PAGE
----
BIA measures the impedance or resistance to the electrical signal as it travels through the water that is found in muscle and fat. The more muscle a person has, the more water their body can hold, and the easier it is for the current to pass through it. The more fat an individual has, the higher the resistance to the current.

BIA body fat tests are safe and do not inflict any pain. In fact, the electrical signal used in the BIA test cannot be felt by adults or children.

Today, it is no longer necessary to visit a medical practitioner for a BIA body fat percentage analysis. There are several companies that manufacture weight scales that include BIA capability. In fact, BIA scales perform the calculations instantaneously, and can even upload data to your personal computer for review and storage. The typical cost of a BIA scale is under $100. With the BIA scale method (similar to the industrial BIA machine), the device sends a small electrical signal through your hands or feet and uses the data to determine how much of your body is fat and how much is water, since muscle and lean tissue are primarily composed of water. To perform the body fat calculation, an individual only needs to enter their gender, age and height.

DEXA Scanning

DEXA stands for “dual energy x-ray absorptiometry,” and is typically simplified as DXA. DEXA is primarily used to measure bone density and lean mass, but can also be used to produce fat mass readings. The DXA system utilizes a body scanner, takes approximately 15 minutes to run, and costs upwards of $100 per session. The DXA scanner is fairly accurate and typically delivers results within a 2% to 3% error margin. Check with your doctor to determine whether this method is appropriate. Thereafter, call your insurance company to ask whether this test is covered under your current health insurance policy.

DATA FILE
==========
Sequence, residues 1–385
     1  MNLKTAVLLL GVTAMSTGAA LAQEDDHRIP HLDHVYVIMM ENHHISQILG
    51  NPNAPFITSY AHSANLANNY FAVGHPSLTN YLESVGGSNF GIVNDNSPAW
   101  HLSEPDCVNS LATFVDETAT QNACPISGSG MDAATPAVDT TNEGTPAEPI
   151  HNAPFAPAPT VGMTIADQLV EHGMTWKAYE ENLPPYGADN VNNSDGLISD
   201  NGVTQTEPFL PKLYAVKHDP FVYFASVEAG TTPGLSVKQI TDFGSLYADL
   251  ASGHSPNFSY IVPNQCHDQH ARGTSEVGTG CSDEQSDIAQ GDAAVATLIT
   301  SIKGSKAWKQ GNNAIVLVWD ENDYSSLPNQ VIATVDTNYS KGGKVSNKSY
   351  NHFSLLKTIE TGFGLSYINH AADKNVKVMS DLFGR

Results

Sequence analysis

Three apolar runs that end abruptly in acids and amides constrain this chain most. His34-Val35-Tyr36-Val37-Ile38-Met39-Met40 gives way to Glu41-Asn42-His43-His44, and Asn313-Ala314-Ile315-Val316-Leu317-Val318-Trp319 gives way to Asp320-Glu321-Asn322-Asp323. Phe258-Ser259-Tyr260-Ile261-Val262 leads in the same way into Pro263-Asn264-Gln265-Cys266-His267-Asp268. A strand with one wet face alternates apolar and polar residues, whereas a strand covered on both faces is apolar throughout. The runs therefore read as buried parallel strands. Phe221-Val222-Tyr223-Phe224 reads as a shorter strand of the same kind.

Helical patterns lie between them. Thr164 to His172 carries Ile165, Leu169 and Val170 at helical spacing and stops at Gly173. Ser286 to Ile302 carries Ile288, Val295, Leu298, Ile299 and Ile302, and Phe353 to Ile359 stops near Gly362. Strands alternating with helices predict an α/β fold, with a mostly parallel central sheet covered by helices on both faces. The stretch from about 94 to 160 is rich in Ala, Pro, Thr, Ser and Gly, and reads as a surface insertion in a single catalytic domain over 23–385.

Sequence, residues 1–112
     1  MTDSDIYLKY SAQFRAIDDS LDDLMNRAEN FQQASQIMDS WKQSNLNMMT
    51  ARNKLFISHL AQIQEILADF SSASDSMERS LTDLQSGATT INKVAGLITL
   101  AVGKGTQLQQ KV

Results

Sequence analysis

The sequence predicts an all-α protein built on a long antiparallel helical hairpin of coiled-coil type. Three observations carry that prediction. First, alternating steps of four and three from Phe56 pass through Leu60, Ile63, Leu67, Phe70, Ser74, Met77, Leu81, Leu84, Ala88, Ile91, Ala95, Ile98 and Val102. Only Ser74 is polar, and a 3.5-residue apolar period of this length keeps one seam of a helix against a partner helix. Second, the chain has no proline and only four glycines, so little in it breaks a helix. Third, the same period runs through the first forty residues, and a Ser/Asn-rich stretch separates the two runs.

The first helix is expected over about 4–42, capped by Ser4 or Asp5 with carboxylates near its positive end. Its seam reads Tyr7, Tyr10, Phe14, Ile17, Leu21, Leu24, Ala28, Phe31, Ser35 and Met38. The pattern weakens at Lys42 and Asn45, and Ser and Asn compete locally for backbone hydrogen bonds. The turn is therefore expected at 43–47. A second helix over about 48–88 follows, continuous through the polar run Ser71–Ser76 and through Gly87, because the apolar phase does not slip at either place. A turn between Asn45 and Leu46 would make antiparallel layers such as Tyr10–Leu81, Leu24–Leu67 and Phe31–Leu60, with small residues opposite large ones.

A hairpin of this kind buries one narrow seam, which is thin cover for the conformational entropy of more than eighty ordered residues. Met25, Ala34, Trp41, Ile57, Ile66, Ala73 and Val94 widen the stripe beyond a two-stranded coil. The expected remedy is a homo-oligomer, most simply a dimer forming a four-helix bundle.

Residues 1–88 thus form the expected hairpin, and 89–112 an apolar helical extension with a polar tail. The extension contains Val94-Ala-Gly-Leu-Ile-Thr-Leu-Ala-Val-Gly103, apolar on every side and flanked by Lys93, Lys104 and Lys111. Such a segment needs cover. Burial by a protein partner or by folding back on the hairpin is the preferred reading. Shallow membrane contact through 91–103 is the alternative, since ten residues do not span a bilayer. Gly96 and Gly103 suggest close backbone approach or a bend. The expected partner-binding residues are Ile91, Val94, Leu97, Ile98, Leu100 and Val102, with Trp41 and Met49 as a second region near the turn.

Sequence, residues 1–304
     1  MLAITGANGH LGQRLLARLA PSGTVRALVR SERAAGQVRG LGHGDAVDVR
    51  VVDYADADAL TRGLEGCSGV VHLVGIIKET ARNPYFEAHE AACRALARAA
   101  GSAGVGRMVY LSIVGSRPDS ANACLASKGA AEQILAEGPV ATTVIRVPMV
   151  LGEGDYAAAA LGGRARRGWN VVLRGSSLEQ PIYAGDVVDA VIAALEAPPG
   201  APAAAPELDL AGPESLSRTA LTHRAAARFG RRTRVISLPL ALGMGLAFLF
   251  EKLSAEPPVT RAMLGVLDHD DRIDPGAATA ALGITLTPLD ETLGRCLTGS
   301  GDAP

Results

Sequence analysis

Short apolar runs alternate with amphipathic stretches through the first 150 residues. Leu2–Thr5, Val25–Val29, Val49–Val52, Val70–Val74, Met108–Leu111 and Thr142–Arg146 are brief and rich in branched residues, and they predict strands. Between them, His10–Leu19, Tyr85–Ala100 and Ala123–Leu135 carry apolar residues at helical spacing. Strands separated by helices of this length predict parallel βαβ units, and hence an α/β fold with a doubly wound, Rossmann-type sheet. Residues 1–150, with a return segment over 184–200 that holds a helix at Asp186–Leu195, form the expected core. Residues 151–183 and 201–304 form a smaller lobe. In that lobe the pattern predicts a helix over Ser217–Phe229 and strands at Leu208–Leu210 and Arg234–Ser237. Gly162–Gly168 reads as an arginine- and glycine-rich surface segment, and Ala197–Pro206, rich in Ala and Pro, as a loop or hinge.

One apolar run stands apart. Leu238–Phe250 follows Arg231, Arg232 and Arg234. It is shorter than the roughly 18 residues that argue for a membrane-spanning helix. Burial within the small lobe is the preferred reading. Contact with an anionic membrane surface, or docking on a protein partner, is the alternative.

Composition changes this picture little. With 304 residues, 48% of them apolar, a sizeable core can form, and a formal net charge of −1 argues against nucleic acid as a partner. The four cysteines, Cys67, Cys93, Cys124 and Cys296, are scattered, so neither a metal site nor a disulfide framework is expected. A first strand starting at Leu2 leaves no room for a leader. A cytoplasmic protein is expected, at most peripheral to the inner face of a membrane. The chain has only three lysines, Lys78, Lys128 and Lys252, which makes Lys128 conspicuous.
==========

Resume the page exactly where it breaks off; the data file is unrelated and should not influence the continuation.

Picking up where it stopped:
Hydrostatic Weighing

Hydrostatic weighing consists of submerging an individual completely underwater while they sit on scales and expel all of the air from their lungs. Similar to the DEXA technique of determining an individual’s percentage of body, this approach has a margin of error of approximately 2% to 3%.

The technology utilizes the displacement of water and the differing densities of fat and lean muscle mass, and is considered to be very accurate. However, very few establishments have a hydrostatic weighing system, limiting accessibility for the general public.

The process of determining an individual’s percentage of body fat using the hydrostatic weighing approach is as follows:

  • An individual sits on a scale inside a tank of water and blows out as much air as they can.

  • The individual is then submerged underwater and asked to expel even more air. Since fat is lighter than water, the more fat the individual has, the more they will float.

  • The scale measures underwater weight to determine the individual’s body density. The margin of error is typically 2-3%, though accuracy depends on the amount of air the individual expels. In other words, the individual must exhale all of their air or accuracy will be reduced.